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Google Earth Ported to Browsers with WebAssembly

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The Google Earth team recently released a beta preview of a WebAssembly port of Google Earth. The new port runs in Chrome and other Chromium-based browsers, including Edge (Canary version) and Opera, as well as Firefox. The port thus brings cross-browser support to the existing Earth For Web version, which uses the native C++ codebase and Chrome’s Native Client (NaCl) technology. The difference in multi-threading support between browsers leads to varying performance.

Google Earth was released 14 years ago and allowed users to explore the earth through the comfort of their home. This original version of Google Earth was released as a native C++ based application intended for desktop install because rendering the whole world in real time required advanced technologies that weren’t available in the browser. Google Earth was subsequently introduced for Android and iOS smartphones, leveraging the existing C++ codebase through technologies such as NDK and Objective-C++. In 2017, Google Earth was released for the Chrome browser, using Google’s Native Client (NaCl) to compile the C++ code and run it in the browser.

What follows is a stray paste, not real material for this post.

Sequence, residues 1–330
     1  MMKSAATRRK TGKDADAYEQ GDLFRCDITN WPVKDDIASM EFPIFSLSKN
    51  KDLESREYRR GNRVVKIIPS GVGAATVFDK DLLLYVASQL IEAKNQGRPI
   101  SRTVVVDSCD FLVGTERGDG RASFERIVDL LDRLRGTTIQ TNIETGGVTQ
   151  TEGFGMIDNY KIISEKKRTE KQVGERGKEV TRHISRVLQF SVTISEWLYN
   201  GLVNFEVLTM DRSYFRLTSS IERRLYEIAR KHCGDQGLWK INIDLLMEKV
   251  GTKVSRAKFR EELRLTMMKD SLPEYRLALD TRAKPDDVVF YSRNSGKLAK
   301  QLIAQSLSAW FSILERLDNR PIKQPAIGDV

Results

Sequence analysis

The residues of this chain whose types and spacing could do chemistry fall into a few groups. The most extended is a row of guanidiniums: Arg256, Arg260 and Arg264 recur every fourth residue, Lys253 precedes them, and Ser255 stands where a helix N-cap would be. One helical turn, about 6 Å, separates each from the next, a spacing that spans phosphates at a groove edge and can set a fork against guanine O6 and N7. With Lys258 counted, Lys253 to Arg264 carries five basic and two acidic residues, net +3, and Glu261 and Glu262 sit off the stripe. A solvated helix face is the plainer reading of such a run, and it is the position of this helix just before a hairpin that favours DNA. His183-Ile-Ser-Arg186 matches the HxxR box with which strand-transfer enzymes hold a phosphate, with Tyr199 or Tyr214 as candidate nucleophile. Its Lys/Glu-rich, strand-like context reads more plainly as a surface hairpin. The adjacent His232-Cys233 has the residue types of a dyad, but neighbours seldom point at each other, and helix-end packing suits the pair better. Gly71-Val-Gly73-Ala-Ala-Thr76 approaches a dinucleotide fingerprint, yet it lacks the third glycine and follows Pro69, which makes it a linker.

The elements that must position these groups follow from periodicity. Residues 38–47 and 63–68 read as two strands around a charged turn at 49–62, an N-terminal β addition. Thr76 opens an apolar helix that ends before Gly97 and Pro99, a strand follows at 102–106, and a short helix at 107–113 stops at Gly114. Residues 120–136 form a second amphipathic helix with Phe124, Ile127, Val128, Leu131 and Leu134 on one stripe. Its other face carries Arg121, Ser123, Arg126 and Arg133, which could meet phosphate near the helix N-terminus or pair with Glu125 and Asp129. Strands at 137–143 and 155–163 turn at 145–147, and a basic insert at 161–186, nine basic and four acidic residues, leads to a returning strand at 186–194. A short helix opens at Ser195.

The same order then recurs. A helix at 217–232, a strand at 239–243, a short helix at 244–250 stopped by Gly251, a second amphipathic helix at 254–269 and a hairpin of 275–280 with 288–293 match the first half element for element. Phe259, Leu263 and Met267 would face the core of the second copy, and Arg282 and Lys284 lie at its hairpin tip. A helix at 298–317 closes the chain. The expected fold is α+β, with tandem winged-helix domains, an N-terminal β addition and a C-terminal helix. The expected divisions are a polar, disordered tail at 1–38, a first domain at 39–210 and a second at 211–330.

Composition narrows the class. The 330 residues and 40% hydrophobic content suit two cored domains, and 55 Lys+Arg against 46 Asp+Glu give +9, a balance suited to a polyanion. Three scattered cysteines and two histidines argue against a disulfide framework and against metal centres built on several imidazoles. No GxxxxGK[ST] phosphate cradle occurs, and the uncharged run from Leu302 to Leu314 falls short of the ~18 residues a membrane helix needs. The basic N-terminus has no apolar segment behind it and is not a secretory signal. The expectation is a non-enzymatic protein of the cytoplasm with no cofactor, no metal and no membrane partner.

Thomas Nattestad, product manager for Web Assembly, V8 and Web Capabilities, explains the drivers behind the WebAssembly port of Google Earth:

As the Web progressed, we wanted Earth to be available on the platform so it could reach as many people as possible and let them experience the entire world at their fingertips. Web apps offer a better user experience because they’re linkable, (…) they’re secure, since users aren’t at risk of viruses that can come with software downloads, and they’re composable, meaning we can embed them in other parts of the web.
(…) Using WebAssembly, we see more possibilities not just for making apps more accessible across browsers, but smoothing out the online experience, as we’ve seen with Google Earth.

With the WebAssembly port, Google Earth is now available in Chrome, Edge (Canary channel) and Opera, as well as Firefox. It is not available however in Safari or the current public version of Edge, as those browsers lack full support for WebGL2.

Further differences between browsers impact Google Earth performance. A key factor is support for multi-threading. Jordon Mears‎, tech lead manager for Google Earth, explains:

Think of Earth like a huge 3D video game of the real world. As such, we’re constantly streaming data to the browser, decompressing it and making it ready for rendering to the screen. Being able to do this work on a background thread has shown a clear improvement in the performance of Earth in the browser.

Multi-threaded WebAssembly is enabled by a feature called SharedArrayBuffer, which was pulled from browsers due to the Spectre and Meltdown security vulnerabilities. Chrome introduced Site Isolation to remediate the vulnerabilities and re-enabled SharedArrayBuffer for desktop. Other browsers, such as Firefox, still disable SharedArrayBuffer, with a view to bringing back support for multi-threading in future versions. In the meantime, Earth runs single-threaded in those browsers with possibly lower performance.

Future improvements in performance are linked to new features expected to come to WebAssembly, including SIMD support, and Dynamic Linking.

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